Electric Grants and Broadband

The U.S. Department of Energy finally announced the first round of grant applications for funding that was created by the Infrastructure Investment and Jobs Act. While these grants are aimed at improving the electric grid, any projects built with these grants could also build some fiber. The grants will total $13 billion. It’s worth noting that 30% of the funding will go to small utilities that sell no more than 4 million MWh of electricity per year.

There will be $10.5 billion in grants from the Grid Resilience and Innovation Partnership, or GRIP grants. Within the GRIP grant program are three separate programs:

  • $2.5 billion will go to grid resiliency grants to provide infrastructure to improve the survivability of the electric grid from weather-related and other events.
  • There are $3 billion for smart grid grants that can be used for projects that add intelligence to the electric grid.
  • Finally, $5 billion in grants is aimed at grid innovation. This grant is looking for creative ideas for improving the electric grid.

The other grant program is the Transmission Facilitation Program, which will provide $2.5 billion to improve the long-haul electric grid between communities.

The first and immediate round of funding for the GRIP program will be for $3.9 billion, with additional rounds of funding being announced next year. Unlike broadband grants, the first-round GRIP grants are on a rapid timeline. It took the DOE over a year to announce the specifics of the grants, but there are almost immediate deadlines coming. The White House has said that it wants to see more of the infrastructure spending being used, and this timeline will see grant awards made in 2023.

  • Anybody interested in applying for the smart grid or resiliency grants must submit a concept paper by December 16 that explains the proposed project. Concept papers for the innovation grants are due January 13. Concept papers for the transmission grants are due February 1. The DOE will have to accept a concept paper in order for an applicant to move on to the next phase of the grant application.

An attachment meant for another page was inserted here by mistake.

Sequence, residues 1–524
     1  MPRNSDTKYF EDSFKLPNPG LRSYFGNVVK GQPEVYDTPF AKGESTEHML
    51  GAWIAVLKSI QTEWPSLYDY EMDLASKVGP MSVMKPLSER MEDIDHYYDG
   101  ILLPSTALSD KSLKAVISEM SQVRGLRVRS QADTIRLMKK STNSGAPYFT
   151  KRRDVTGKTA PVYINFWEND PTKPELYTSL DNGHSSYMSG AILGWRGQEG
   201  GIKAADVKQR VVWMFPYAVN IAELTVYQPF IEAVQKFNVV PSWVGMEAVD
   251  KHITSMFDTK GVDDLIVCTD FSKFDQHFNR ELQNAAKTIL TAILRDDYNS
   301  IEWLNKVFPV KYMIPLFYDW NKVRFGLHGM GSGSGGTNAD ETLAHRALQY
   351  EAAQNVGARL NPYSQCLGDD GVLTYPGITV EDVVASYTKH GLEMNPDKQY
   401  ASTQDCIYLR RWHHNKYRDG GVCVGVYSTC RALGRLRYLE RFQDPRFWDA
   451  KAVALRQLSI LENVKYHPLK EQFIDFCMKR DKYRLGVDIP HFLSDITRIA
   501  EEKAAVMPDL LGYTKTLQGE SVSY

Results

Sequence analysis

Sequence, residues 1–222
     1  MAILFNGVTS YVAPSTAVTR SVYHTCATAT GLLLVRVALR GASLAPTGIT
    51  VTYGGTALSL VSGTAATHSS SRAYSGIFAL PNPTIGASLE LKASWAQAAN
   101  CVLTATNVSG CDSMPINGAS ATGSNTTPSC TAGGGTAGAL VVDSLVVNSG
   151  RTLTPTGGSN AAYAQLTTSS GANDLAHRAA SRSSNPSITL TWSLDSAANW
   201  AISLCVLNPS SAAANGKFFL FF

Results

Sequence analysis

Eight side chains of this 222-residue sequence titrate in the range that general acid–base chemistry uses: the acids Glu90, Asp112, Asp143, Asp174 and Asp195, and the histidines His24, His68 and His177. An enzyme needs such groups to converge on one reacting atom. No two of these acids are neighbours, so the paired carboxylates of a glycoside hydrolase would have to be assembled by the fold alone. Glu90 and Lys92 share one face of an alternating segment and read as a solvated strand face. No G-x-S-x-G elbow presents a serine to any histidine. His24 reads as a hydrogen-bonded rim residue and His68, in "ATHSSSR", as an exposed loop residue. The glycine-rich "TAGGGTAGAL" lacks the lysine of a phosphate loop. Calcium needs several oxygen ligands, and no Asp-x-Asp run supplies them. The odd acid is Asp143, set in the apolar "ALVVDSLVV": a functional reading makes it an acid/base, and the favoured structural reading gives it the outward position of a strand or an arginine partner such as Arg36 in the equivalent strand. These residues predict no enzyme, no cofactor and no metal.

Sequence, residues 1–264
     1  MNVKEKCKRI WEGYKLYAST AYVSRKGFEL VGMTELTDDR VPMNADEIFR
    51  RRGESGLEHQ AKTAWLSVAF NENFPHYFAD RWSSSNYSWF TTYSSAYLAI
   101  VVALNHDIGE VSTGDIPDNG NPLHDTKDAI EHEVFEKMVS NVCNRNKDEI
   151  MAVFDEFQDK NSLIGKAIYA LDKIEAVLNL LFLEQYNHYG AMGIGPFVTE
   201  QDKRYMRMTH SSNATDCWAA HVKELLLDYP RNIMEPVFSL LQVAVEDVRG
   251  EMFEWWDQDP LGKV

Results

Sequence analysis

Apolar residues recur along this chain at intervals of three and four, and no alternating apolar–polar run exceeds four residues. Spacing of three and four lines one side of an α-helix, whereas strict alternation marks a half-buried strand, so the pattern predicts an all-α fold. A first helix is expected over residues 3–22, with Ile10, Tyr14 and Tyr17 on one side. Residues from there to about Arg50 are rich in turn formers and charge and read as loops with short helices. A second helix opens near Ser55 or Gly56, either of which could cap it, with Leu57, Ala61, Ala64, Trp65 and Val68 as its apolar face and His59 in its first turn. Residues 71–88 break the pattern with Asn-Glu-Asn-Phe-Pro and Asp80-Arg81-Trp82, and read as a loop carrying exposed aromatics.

• Full grant applications for the smart grid, grid resilience, and innovation programs will be due in March, April and May, respectively.

All of these grants could propose building fiber as part of the solution. Fiber is a way to get more brains into the electric grid and as a tool for making networks more resilient. There is no reason why any constructed fiber from these grants couldn’t serve the dual role of supporting a broadband network.

The short timelines for the first round of funding are going to make it a challenge for anybody that doesn’t already have a grant proposal on the drawing board. It seems unlikely that anybody who hasn’t already done so could create a partnership with an electric company and meet the concept paper deadlines. But electric companies can do this quickly, and I would expect that municipal electric companies and electric cooperatives will propose concept papers that will both improve the electric grid and also improve fiber infrastructure.

These grant announcements are a wake-up call for communities that have not already had discussions about how to improve the electric grid. There is still time to create partnerships for future grant cycles, but the time to start these discussions is now.

According to the DOE, these grants are only the down payment for the funding needed to improve electric grids. Jennifer Granholm, the Secretary of Energy, says the country might need to triple transmission capacity by 2050. Unfortunately, there were insufficient votes in the Senate to approve a large amount of proposed additional funding for the electric grid.

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